If you are from an ethnic minority background, we need you in the People’s Vote movement. 

Ethnic minorities voted Remain in the 2016 referendum and research shows that we’re worried about the impact of Brexit. Yet our votes and opinions haven’t had nearly enough coverage. It’s up to us to make sure the press and politicians pay attention. 

But more than that, we need to be involved in this process because our voices are as important as anyone else’s. Ethnic minorities have a long history of contributing to this country. We have taken difficult jobs, we have started businesses against the odds and we help keep the NHS going. Our country is facing its worst crisis in decades. Now is not the time for us to step aside. 

Our communities will be amongst the most affected by Brexit. We disproportionately work in industries that will be negatively affected by Brexit such as manufacturing and healthcare. We have been targets of the increase in hate crime, as have our places of worship, such as mosques and synagogues. 

The politicians leading the Leave campaign certainly didn’t hesitate to use racism against ethnic minorities to when it was helpful to them. Whether it was Boris Johnson describing President Obama as a “half-Kenyan” with an “ancestral dislike of the British” or the infamous Nigel Farage “Breaking Point poster” featuring non-white people that had nothing to do with EU membership.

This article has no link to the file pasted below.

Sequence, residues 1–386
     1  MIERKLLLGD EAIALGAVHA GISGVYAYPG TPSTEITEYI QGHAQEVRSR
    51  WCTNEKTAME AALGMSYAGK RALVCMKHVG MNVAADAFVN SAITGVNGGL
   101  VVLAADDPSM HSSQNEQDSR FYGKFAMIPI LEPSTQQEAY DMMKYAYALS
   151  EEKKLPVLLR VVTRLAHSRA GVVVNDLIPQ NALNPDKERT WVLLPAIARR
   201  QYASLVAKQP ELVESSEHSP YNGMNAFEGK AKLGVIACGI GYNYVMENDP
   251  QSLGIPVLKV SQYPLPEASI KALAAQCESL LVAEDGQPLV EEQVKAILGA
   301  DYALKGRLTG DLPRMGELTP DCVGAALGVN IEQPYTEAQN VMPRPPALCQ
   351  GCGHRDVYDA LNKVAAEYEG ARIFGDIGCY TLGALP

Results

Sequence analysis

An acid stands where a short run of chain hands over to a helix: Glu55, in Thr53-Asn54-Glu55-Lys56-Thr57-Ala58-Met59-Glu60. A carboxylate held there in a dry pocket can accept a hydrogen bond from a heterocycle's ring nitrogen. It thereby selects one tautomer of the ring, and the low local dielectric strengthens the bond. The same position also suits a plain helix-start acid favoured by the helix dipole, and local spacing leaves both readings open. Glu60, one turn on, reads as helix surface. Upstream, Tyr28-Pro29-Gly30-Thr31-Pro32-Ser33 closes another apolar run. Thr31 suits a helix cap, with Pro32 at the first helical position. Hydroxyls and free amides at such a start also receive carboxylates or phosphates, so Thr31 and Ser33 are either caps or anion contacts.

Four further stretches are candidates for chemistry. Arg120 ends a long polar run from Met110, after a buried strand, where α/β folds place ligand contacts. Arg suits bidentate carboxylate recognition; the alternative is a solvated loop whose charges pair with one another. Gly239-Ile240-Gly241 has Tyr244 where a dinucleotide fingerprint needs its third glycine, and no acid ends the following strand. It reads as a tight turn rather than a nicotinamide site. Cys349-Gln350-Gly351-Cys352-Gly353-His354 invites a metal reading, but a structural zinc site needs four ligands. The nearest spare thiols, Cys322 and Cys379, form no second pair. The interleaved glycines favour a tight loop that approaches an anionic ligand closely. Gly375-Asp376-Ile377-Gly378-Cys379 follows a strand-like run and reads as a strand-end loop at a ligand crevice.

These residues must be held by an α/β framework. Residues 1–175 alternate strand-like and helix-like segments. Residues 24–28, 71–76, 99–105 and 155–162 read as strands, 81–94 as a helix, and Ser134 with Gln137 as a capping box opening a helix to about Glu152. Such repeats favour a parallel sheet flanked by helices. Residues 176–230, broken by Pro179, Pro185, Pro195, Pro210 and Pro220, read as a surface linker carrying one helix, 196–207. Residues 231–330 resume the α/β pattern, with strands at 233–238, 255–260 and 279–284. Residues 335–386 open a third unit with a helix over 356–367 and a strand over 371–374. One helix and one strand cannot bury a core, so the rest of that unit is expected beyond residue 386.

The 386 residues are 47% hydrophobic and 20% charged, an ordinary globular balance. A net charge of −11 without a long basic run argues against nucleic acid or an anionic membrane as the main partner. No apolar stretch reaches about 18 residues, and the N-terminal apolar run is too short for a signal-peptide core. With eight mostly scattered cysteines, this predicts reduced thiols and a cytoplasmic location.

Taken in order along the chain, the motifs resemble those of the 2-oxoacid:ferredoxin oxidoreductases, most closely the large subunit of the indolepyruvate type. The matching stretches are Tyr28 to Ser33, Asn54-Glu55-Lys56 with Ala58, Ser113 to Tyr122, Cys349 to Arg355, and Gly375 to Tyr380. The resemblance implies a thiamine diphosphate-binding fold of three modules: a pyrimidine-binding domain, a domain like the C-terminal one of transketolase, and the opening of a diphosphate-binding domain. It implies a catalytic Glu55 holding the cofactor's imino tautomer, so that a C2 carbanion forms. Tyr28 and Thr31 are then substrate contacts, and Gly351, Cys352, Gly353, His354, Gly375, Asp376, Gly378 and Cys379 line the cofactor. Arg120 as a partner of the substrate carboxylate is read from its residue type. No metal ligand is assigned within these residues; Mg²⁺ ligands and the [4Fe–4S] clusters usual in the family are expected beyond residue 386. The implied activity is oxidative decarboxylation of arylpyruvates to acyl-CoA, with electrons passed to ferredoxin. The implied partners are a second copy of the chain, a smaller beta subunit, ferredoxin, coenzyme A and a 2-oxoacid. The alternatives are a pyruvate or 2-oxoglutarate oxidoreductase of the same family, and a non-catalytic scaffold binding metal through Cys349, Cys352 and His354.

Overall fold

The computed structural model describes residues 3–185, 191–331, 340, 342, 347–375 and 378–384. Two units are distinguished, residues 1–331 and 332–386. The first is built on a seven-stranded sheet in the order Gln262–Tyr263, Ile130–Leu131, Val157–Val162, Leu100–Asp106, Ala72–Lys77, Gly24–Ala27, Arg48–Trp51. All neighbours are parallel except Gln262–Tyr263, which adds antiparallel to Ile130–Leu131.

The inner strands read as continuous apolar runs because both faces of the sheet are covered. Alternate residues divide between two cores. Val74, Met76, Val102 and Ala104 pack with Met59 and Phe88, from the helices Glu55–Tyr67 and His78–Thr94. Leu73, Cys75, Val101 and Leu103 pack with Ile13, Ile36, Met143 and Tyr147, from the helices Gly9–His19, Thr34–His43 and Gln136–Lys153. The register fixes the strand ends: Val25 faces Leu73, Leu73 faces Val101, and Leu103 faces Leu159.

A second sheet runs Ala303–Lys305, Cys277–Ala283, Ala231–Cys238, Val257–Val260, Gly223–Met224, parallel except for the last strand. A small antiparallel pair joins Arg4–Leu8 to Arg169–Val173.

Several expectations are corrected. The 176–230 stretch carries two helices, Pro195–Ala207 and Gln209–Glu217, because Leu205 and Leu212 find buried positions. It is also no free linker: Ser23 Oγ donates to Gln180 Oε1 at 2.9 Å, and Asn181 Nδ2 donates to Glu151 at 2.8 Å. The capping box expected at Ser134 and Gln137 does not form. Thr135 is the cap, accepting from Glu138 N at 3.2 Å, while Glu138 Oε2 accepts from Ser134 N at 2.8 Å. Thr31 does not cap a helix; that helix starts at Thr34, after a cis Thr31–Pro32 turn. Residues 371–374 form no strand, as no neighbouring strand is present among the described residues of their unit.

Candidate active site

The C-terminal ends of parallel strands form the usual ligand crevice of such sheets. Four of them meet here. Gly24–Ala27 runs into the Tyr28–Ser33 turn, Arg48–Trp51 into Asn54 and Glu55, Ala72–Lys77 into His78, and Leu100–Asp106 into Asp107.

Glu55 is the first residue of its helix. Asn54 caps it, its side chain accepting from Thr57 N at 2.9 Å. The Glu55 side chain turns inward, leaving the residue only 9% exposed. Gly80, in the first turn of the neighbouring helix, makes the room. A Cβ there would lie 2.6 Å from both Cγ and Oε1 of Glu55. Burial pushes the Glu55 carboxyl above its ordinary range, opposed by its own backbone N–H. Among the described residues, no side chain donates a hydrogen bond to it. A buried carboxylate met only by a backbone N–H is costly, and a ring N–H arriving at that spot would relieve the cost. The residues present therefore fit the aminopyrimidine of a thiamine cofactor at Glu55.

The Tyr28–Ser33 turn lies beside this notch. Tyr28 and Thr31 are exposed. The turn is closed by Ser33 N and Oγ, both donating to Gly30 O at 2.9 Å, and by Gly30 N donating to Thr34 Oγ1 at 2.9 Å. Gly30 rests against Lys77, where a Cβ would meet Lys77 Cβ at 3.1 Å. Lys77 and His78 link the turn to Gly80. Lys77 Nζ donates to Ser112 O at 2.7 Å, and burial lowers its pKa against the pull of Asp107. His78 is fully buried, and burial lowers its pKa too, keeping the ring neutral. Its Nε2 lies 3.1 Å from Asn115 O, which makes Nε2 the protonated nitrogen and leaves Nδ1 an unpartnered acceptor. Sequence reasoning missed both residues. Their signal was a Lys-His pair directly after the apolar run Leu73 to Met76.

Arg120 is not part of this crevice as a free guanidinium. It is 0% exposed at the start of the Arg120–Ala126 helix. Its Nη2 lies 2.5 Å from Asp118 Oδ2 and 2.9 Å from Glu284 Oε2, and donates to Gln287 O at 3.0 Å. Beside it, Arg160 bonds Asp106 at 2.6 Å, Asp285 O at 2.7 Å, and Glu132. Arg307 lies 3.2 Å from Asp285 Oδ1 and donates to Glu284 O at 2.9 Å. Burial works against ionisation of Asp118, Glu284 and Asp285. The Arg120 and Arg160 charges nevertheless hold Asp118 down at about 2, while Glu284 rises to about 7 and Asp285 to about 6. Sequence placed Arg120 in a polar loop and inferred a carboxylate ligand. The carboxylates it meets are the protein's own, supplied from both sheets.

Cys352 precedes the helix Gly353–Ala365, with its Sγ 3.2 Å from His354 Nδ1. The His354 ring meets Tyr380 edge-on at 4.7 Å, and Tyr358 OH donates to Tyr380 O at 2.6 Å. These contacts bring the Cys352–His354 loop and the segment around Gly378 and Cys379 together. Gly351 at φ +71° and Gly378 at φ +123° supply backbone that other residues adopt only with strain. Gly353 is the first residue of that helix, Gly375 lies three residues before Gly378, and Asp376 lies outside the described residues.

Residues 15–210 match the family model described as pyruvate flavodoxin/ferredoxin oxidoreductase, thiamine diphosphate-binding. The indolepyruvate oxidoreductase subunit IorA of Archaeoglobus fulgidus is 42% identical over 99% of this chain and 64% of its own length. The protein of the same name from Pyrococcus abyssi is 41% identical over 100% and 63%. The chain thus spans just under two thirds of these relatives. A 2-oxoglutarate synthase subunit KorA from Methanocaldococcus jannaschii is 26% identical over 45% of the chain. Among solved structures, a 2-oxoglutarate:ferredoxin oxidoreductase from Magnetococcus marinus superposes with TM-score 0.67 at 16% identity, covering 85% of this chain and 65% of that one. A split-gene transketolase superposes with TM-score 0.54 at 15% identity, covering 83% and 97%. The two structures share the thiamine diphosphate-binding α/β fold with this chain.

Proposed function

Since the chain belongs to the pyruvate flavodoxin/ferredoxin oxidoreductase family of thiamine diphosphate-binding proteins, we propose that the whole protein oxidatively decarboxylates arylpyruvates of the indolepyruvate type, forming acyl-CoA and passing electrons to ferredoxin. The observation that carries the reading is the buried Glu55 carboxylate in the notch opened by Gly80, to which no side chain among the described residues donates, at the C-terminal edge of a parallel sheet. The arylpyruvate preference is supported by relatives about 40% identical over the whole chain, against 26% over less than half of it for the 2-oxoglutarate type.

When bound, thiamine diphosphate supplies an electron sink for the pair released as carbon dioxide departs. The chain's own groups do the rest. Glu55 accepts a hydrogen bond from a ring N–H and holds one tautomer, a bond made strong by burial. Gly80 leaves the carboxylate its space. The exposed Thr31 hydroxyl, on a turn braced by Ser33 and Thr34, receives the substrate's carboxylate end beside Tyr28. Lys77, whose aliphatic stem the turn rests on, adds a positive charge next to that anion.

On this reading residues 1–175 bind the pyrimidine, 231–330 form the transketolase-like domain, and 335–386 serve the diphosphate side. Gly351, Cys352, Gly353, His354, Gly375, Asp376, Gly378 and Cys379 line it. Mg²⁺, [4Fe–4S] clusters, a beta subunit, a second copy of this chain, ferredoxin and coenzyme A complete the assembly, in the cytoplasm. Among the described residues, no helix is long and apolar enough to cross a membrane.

So, how to help? 

Firstly, come to People’s Vote March on 19th October.  Join the Ethnic Minorities for a People’s Vote pre-march rally in front of the Hard Rock Cafe by Hamilton Place, as we demand a final say on Brexit.

Secondly, volunteer to help a local People’s Vote group. Many people worry this will take too much of their time. Nearly all local groups are run by volunteers themselves. They won’t expect a weekly commitment of several hours, but will be happy if you can help every once in a while. 

You can also choose to participate in activities based on your comfort level. Many people start with leafleting. When I began canvassing people face to face, I asked to be paired with an experienced volunteer while I was getting the hang of it. 

I’ve always felt perfectly safe while volunteering. Most events are in public spaces in the middle of the day, and people stay in groups. I personally wouldn’t do anything without someone with me, and I’d recommend using your own common sense. 

If you still feel unsure about volunteering, why not just go along and watch your local group in action, before deciding whether to join in? 

My last reason to get involved is that it is a lot of fun. I’ve met loads of lovely and interesting people I would never have met otherwise. Nearly all volunteer sessions finish with a meal or a drink down the pub. It’s a great way to make new friends. 

Sandy Murthy is a supporter of Ethnic Minorities for a People’s Vote and a local activist for Lambeth for Europe and Southwark for Europe.